Autophagy was discovered in the late 1950s when scientists using the first electron microscopes saw membrane-bound structures in cells that contained cytoplasmic organelles, including mitochondria. Pursuant to further morphological characterization it was recognized that these vesicles, now called autophagosomes, are found in all eukaryotic cells and undergo changes in morphology from a double-membraned vesicle with recognizable content, i.e. sequestered organelles, to a uniformly dense core autolysosome. Genetic screens in the yeast Saccharomyces cerevisiae in the 1990s provided a molecule framework for the next era of discovery during which the interest in, and research into, autophagy has rapidly expanded into many areas of human biology and disease. A relatively small cohort of approximately 36 proteins, called Atgs (autophagy-related proteins), orchestrate the formation of the autophagosome, and these are now being studied and functionally characterized. Although the function of these proteins is being elucidated, the underlying molecular mechanisms of how autophagosomes form are still not completely understood. Recent advances have, however, provided a significant advance in both our understanding of the molecular control of the Atg proteins and the source of the membranes. A consensus view is emerging from these advances that the endoplasmic reticulum is the nucleation site for the autophagosome, and that contributions from other compartments (Golgi, endosomes and plasma membrane) are required. In the present chapter, I review the data from the pre-molecular decades, and discuss the most recent publications to give an overview of the current view of where, and how, autophagosomes form in mammalian cells.
In the 1950s after the development of EM (electron microscopy), cell biologists using newly developed techniques and EM recognized that there was an unusual type of lysosome in some cells which contained mitochondria and cytosolic components , subsequently called cytolysosomes  or autophagosomes . Later, some of the vesicles were confirmed as bona fide lysosomes; use of cytochemical techniques confirmed they contained lysosomal hydrolases. However, what intrigued these scientists (and continues to intrigue us) are the membrane dynamics and topological issues relating to the formation of the double membrane, and the mechanism of internalization of cytosolic components. Both of these issues reinforce the notion that the origin and formation of these vesicles is unique.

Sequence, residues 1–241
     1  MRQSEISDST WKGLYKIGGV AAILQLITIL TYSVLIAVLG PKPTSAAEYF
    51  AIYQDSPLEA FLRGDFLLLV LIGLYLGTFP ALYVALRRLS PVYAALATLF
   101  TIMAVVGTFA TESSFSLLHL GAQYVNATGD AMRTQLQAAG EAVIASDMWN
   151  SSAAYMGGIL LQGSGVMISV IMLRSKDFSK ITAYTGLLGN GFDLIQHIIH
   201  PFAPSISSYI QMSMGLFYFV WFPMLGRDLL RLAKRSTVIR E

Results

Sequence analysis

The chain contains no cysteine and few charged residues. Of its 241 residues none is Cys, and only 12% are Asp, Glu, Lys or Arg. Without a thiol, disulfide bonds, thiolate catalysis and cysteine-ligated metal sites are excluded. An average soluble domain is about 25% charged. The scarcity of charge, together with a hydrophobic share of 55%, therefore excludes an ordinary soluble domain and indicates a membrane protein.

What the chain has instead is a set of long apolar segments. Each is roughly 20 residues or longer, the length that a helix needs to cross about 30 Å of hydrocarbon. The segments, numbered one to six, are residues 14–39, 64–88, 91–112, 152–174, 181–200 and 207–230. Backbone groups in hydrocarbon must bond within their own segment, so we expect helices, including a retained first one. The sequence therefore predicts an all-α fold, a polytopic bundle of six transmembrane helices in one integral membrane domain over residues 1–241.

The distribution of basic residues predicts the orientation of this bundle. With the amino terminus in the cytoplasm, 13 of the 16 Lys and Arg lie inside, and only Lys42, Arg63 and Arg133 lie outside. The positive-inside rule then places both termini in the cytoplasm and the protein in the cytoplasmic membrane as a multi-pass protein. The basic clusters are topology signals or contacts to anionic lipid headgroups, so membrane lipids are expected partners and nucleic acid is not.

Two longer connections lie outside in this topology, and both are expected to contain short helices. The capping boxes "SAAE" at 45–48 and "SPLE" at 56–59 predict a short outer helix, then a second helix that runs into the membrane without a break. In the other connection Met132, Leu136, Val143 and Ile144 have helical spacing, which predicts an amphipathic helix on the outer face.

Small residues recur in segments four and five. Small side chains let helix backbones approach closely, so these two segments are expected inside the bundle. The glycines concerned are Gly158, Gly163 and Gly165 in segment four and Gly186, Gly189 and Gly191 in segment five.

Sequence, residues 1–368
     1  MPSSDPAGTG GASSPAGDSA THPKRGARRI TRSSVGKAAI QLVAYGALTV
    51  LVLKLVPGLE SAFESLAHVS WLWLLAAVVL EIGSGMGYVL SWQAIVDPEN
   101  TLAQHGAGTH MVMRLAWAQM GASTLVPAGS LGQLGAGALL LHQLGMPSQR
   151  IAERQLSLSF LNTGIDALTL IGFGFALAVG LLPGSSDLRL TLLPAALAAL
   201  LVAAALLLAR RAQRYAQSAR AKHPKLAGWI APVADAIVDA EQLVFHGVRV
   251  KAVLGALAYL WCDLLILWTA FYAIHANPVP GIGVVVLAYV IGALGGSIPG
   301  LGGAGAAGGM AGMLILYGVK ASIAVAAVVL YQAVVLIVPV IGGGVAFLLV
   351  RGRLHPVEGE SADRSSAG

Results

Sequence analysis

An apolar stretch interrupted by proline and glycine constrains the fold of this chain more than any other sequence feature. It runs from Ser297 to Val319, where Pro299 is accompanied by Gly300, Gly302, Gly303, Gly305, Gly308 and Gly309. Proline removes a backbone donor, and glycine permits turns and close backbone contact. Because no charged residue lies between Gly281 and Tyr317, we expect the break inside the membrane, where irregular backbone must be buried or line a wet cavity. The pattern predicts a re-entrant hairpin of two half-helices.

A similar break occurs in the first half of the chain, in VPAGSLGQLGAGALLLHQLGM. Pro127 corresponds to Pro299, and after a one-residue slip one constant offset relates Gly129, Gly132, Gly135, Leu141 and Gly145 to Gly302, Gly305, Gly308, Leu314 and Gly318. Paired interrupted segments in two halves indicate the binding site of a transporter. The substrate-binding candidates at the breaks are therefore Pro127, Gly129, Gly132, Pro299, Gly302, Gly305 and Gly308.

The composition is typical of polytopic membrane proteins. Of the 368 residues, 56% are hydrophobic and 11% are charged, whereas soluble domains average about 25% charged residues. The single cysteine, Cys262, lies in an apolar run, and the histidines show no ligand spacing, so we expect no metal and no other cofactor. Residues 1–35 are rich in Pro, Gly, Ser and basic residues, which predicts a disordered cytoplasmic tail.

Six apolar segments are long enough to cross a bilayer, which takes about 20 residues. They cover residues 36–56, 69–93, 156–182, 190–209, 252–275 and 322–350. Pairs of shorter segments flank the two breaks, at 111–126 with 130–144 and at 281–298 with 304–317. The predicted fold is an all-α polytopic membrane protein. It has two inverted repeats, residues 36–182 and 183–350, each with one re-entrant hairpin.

The current view of the autophagy pathway is shown in Figure 1. The pathway is initiated at the PAS (pre-autophagosomal structure, also known as phagophore assembly site). It is worth noting from the outset that it is not clear from either morphological or biochemical techniques what the PAS is. A double-membrane structure, seen by EM in cells as an open cup-like structure, forms from the PAS, which is called a phagophore (or isolation membrane). This structure closes to form an autophagosome, which after its closure and formation has a double membrane. One face of this double membrane (which was originally cytosolic) is now within the lumen of the autophagosome. The autophagosome then fuses with endosomes and lysosomes, and acquires degradative enzymes, including proteases and lipases, becoming an autolysosome.
Although the static images collected by EM provide detailed morphological data, they did not reveal the dynamics of the process, in particular where and how rapidly the autophagosomes form, although early EM data did suggest autophagosomes were relatively short-lived . Live-cell imaging techniques [5–8] revealed the rapid kinetics of autophagosome formation, in particular after amino-acid starvation. Autophagosomes typically form within 5–10 min of starvation, which suggests that the formation occurs from pre-assembled structures or by efficient vesicular trafficking from existing compartments and membranes. Thus the following questions arise: what is the PAS, what are phagophores and where do the membranes come from? Finally, how do they become autophagosomes?
Definition of the PAS and phagophore
A key observation, again using EM techniques, was that the phagophore membranes were electron-dense, and more osmophilic than most other cellular membranes . Further morphological advances and high-quality cytochemical studies led to several different hypotheses about the origin of the autophagic membranes, including the possibility that the membrane originated from the ER (endoplasmic reticulum) [10–12] (and references therein) and the GERL (Golgi–ER–lysosome) . Essentially, an electron-dense reaction product produced by the enzymes resident in organelles, such as the ER, Golgi and lysosomes, can be detected by conventional EM in the positive organelles, helping to understand the origin or composition of the compartment. These morphological approaches were expanded by the application of subcellular fractionation techniques, especially powerful when combined with morphology, which aimed to understand what the intermediates in the pathway were, and most crucially, what the composition of the phagophore, or isolation membrane and amphisome were [12,14]. In addition, using freeze-fracture microscopy the phagophore membrane appeared to be protein-poor, suggesting that the membrane was a unique composition . However, technical limitations remained with different laboratories reporting different amounts of enzyme labelling and activity for resident enzymes, or different membrane markers in subcellular fractionation, so, despite the use of these state-of-the-art approaches, no universal consensus was obtained about the origin of the PAS or phagophore.
The molecular machinery